One evening, in the fall of 2013, I was heading into my show, without any interviews lined up, intent on playing music and nothing more. At the door, were a group of young men who called themselves Team Michigan Boys. In a conversation they had the night before with the station’s music director, they were told they could get on the air with me, entirely unbeknownst to me. I live for these types of interviews and was very pleased with the conversation that ensued.
At the end of 2013, I spoke with the legendary Count Bass D. Most people are probably familiar with him from his appearance on MF Doom’s 2004 release, Mm..Food, but Count Bass D has been releasing albums over the past two decades. In our conversation, we discussed topics like parenting, his life, and career as an independent musician. Take a listen and enjoy!
I met Dane, over a decade ago, when I was still an underclassman in high school. We were both in the same pottery class where we learned to throw down on the wheels of clay. I distinctly remember seeing him practicing day and night, rain or snow, in the parking lot of the local middle school. Fast forward 14 years, I was getting ready for work, one day, and his name popped into my head. After a quick Google search I found that he was, indeed, still biking and had relocated across the country. I immediately dropped him a line and found out that he would be in Columbus for a competition. We arranged to catch up and record this interview for inquiring minds. Take a listen to a recent conversation with an old friend.
If you are familiar with Blat Pack you might have noticed that their visual presentation has a very fluid and unified character. This is not an accident or the product of a devious Walt Disney-esque figure with a drawing room full of menially compensated artists under his dominion. This is the genius of Sean Mack. When Sean released his picture book, I was lucky enough to get him to drop by the station to chat with me about the project. It is not every day that I get to speak with visual artists, so this was a treat.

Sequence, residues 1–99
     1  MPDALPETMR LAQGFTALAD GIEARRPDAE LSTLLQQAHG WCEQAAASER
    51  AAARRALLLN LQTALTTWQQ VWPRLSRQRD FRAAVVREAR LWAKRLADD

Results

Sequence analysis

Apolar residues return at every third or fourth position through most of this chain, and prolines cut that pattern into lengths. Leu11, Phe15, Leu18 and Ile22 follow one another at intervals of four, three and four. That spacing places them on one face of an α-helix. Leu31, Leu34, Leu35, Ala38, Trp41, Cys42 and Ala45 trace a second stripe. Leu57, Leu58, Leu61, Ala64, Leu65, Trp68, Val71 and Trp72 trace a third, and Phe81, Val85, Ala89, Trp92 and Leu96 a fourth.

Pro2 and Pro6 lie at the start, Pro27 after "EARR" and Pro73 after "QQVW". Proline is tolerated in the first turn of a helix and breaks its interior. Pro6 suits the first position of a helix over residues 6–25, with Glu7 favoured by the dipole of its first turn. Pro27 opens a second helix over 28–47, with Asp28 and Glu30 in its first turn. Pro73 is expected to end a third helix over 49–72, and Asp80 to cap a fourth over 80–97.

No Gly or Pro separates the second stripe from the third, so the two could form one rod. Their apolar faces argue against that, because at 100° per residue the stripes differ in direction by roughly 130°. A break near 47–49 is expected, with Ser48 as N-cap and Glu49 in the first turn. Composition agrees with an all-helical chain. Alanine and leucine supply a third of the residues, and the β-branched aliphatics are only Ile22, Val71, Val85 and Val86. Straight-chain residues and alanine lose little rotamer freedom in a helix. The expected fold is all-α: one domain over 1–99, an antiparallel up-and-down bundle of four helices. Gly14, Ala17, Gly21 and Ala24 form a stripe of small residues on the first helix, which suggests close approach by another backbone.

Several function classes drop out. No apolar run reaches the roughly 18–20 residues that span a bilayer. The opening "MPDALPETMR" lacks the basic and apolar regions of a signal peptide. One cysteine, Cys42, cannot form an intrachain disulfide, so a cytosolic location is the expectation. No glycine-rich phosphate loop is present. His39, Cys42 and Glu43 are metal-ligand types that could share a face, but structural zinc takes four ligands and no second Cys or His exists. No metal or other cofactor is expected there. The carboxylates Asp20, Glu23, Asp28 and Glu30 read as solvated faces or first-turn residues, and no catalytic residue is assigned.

I met Sara and Marco at Kafe Kerouac, in Columbus, during one of my first nights in Ohio. Marco was by far one of Ohio’s best ambassadors, during my stay in the Buckeye State. For an example of just how proactive Marco Castros is, he was familiar with, and had performed along side Massive Scar Era’s (Egyptian based metal group I interviewed in 2013), violinist, Nancy Mounir. Take a listen and enjoy!
Another artist I met during my time in Columbus was Ron Freeman, front man of Lost Orchards. Ron has a very interesting story and it was a pleasure to sit and chat with him.
In the summer of 2013, I began exploring Columbus, Ohio. One of the places I discovered was Kafe Kerouc which quickly became my favorite place to work. One of the evenings I was there, I met a group of people (who included the Castros) who persuaded me to stick around for a concert at the Kafe to witness an artist named Timbre. I am glad I did because Timbre was a sight to behold. This was the first time I have ever seen someone play harp in an intimate setting and probably the first time I have ever seen anyone play harp. Take a listen and enjoy!
In the last interview I will likely ever have the pleasure of conducting with Sugar Glyder, we were, ironically, in Michigan. This time around they were on tour in Chesterfield, Michigan, at a bowling alley/concert venue. The Charlotte Band that I met in 2009 was in good spirits and of a new composition. Earlier that year, Emily had left the band and they had added Robby (not to be confused with Bobby). It was a pleasure to interview Sugar Glyder two times before (2010 and 2011) and I will miss them as a fixture of the independent music scene.
In 2013, I sat down with Matt Whitehurst, founding member of Psychedelic Horseshit, at Cafe Bourbon Street in Columbus, Ohio. Our conversation ranged from the philosophical to the futuristic, and everything in between. One of my favorite quotes from all of my years in radio is when Matt offers, “Mother Earth’s plan to save herself is technology”. Matt is an interesting character and it was a pleasure to chat with him. Take a listen!
When I first moved to Columbus I was lucky enough to link up with P. Blackk. Someone had recommended him to me and I instantly became a fan. We were able to chat for a few minutes outside of Carabar and soon found out that we were both born at the same hospital. Take a listen and enjoy!